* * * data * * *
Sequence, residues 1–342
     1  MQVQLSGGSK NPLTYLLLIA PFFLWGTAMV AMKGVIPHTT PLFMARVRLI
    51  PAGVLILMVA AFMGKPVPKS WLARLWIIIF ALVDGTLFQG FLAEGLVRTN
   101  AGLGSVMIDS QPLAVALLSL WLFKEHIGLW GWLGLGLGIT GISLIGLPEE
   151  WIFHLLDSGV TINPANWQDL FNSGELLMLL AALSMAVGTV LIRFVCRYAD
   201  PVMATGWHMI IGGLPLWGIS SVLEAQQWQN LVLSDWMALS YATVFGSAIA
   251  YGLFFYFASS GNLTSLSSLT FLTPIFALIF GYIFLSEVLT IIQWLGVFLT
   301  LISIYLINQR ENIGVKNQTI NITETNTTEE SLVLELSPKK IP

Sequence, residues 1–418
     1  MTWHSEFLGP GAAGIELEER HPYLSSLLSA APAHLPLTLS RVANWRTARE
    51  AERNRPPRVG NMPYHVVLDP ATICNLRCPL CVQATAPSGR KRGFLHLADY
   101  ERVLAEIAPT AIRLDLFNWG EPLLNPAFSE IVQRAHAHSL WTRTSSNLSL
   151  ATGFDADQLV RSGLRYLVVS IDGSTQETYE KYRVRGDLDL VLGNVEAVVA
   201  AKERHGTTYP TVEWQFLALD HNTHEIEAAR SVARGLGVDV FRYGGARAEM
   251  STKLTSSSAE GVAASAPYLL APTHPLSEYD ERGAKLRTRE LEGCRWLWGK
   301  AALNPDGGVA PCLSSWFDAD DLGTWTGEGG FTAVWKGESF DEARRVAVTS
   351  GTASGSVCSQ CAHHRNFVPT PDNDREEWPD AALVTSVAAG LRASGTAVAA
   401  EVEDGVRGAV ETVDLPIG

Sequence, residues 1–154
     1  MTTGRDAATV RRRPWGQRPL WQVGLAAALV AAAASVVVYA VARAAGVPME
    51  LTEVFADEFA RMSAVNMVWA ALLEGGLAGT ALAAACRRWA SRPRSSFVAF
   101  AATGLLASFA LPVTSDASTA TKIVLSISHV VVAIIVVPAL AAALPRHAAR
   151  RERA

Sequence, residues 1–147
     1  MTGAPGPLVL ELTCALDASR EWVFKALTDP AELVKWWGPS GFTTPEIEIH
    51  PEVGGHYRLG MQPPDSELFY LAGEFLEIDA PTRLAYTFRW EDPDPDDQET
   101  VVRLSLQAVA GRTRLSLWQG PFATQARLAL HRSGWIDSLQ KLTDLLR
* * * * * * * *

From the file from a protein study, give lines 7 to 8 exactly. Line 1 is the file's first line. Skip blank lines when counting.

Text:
   251  YGLFFYFASS GNLTSLSSLT FLTPIFALIF GYIFLSEVLT IIQWLGVFLT
   301  LISIYLINQR ENIGVKNQTI NITETNTTEE SLVLELSPKK IP